11 Comments

  1. Larry Seiler
    October 5, 2006 @ 3:05 pm

    unique view…I’ve not seen an apple painted as such, and it strikes me from how lovely this is…why not? Well…except now I’ve seen you do it!! hahaha…

    well done!!!

    Reply

  2. Simone of Art Critiques
    October 5, 2006 @ 3:07 pm

    I REALLY like this apple; especially all the colors that were used to paint it. I also like how the apple fills up most of the painting; no wasted space here. It looks so real; I want to grab that apple out of the painting and eat it 🙂

    Thank you for commenting on my blog a few days ago. I’m sorry that I lost your comment and the other artists’ comments (as well as my giant post that I had to re-type again) due to an HTML mishap.

    Reply

  3. ParisBreakfasts
    October 5, 2006 @ 3:08 pm

    Yummy looking apple Jeff!

    Reply

  4. Jamie
    October 5, 2006 @ 9:49 pm

    I love the glow of this, Jeff!

    Reply

  5. Jeff Hayes
    October 5, 2006 @ 11:12 pm

    I thank you all kindly 🙂

    Larry, I say go for it… Imitation is the sincerest form of Painting-A-Day 🙂

    Reply

  6. craigstephens
    October 6, 2006 @ 4:20 am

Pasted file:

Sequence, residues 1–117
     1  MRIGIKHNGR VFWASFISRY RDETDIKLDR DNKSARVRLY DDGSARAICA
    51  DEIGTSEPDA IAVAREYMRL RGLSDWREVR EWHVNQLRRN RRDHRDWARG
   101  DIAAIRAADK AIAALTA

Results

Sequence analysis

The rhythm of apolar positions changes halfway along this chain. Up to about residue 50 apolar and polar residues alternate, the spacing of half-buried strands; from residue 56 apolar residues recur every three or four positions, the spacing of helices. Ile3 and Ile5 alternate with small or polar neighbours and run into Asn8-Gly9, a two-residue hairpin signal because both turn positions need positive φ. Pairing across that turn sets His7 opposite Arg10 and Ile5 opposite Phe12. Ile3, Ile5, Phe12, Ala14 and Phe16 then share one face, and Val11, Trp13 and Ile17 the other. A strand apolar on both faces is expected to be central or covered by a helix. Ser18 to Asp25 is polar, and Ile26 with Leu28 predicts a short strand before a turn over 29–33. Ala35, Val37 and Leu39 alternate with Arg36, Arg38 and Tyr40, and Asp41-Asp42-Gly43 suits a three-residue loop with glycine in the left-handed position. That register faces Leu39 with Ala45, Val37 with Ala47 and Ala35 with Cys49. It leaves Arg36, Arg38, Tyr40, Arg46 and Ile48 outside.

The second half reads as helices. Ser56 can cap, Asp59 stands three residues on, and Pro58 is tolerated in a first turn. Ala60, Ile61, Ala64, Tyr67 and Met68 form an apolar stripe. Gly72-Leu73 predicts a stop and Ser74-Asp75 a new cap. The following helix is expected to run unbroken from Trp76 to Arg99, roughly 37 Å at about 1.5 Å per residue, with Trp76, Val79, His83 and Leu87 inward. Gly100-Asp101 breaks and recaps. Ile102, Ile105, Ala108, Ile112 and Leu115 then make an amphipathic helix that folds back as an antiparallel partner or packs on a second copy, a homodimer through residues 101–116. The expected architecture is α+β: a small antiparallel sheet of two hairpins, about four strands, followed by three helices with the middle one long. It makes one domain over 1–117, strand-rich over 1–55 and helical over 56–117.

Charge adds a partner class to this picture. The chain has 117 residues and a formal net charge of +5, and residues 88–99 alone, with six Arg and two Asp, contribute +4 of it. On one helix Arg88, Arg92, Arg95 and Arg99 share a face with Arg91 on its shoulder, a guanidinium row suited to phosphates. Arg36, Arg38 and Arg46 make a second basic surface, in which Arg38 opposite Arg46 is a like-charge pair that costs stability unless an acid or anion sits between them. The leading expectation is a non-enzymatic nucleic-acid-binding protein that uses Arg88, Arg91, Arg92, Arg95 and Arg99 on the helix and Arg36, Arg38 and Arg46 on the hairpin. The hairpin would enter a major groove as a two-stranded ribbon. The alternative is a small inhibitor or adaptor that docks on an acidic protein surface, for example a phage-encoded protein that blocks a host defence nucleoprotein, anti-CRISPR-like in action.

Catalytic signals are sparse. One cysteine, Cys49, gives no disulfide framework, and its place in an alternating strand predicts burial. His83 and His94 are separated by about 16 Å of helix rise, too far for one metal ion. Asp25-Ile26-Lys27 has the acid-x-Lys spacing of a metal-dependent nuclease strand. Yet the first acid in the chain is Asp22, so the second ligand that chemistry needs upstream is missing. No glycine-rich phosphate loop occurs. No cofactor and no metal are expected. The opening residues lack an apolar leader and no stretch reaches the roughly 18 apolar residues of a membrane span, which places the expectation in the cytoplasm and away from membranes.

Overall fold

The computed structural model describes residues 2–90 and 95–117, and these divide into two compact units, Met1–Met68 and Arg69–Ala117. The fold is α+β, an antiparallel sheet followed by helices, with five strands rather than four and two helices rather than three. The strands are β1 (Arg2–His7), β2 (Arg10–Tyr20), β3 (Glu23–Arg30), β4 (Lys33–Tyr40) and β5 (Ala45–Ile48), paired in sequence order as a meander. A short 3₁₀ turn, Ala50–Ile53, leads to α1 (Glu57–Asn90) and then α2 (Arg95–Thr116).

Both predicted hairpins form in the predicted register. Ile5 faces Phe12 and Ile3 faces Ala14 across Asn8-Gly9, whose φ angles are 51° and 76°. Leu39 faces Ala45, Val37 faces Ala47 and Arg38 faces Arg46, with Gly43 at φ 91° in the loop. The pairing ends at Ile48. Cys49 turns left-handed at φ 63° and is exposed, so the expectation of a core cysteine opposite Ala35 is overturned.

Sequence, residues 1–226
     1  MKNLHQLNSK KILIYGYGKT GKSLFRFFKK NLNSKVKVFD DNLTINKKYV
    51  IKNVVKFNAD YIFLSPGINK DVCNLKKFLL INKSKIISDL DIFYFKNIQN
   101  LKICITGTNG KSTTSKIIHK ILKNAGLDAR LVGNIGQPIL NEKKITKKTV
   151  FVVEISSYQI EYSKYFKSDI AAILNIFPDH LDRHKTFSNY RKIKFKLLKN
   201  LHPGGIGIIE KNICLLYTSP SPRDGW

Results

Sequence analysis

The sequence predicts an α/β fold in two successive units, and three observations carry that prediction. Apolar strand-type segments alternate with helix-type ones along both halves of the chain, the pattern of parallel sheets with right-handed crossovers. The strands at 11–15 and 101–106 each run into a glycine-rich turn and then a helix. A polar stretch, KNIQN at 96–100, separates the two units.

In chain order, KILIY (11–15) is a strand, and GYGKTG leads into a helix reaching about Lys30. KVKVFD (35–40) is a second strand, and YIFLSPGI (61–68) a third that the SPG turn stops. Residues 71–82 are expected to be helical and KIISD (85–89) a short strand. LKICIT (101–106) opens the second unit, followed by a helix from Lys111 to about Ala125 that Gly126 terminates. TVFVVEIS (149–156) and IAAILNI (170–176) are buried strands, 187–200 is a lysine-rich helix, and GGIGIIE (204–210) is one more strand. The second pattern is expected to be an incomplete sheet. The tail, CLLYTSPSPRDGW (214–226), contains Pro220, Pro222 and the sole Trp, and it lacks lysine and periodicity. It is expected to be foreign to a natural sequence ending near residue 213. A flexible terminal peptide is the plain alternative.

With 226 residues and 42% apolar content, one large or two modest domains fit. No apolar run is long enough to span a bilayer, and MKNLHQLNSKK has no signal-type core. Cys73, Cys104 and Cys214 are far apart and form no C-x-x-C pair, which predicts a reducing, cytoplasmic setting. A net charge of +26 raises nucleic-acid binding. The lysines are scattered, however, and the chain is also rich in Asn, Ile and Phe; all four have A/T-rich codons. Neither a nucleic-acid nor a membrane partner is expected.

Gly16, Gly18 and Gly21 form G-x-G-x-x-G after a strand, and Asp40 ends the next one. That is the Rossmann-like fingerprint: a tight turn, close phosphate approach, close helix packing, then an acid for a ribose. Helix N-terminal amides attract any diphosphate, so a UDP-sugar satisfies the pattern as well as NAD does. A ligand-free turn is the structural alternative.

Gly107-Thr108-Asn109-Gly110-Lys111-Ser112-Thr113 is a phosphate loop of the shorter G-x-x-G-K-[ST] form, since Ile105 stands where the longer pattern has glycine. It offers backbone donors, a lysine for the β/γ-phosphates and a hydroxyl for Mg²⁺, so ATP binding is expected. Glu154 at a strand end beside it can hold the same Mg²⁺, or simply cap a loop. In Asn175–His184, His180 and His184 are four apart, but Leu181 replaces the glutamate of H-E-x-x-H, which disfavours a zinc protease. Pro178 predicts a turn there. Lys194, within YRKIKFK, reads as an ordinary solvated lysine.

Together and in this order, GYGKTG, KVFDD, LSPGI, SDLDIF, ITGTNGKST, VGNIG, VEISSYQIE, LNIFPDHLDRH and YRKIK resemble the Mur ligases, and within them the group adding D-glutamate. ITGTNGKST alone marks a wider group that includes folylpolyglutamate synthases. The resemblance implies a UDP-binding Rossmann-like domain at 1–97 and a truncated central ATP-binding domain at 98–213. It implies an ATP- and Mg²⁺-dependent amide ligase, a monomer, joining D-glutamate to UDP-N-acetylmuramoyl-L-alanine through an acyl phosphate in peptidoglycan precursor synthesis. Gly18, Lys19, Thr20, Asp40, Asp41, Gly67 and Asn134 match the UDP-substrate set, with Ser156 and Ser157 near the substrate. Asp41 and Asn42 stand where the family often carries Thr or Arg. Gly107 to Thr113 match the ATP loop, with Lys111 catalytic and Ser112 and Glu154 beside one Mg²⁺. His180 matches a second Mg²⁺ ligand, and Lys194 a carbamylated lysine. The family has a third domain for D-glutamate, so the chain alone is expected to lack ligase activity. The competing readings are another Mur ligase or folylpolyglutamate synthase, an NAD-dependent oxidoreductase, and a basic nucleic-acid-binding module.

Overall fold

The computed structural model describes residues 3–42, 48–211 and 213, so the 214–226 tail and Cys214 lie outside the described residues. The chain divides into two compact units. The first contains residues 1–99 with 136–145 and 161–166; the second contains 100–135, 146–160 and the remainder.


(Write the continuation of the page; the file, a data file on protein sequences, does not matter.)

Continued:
It’s monumental! I like it.

    Reply

  7. Lisa T.
    October 6, 2006 @ 8:20 pm

    What a beautiful, rich color scheme. You have really elevated the simple apple to a thing of beauty. Magnificent!

    Reply

  8. Jeff Hayes
    October 7, 2006 @ 10:58 pm

    Thanks Craig and Lisa

    Reply

  9. James
    October 7, 2006 @ 10:58 pm

    Wow, imposing. So, it looks like the same apple from the gold rim glass painting was still in the studio. You are not getting the same stong blue reflection though. I like the subtle cast in this one. Aren’t apples wonderful for painting and eating?

    Reply

  10. Jeff Hayes
    October 8, 2006 @ 12:32 am

    Thanks James. In fact, it is the same apple – multiple starring roles this week 🙂

    In the apple/glass piece, the light source was above, so a lot of light reflected off the gray surface, creating the violet and blue tones you mentioned. In the solo painting, the light was essentially from the front, so there was relatively reflected light, and relatively little area in visible shadow to catch reflections.

    Reply

  11. dawn chandler
    October 8, 2006 @ 3:36 pm

    wow, jeff, i am inspired.
    i, too, do daily paintings, though mine i’ve done in watercolor and ink….my most recent series is now over a year long….

    but your oils are so perfectly rich and juicy and lovely……hmmmm…….

    thank you for the inspiration — best wishes to you.

    dawn chandler
    http://www.taosdawn.com

    Reply

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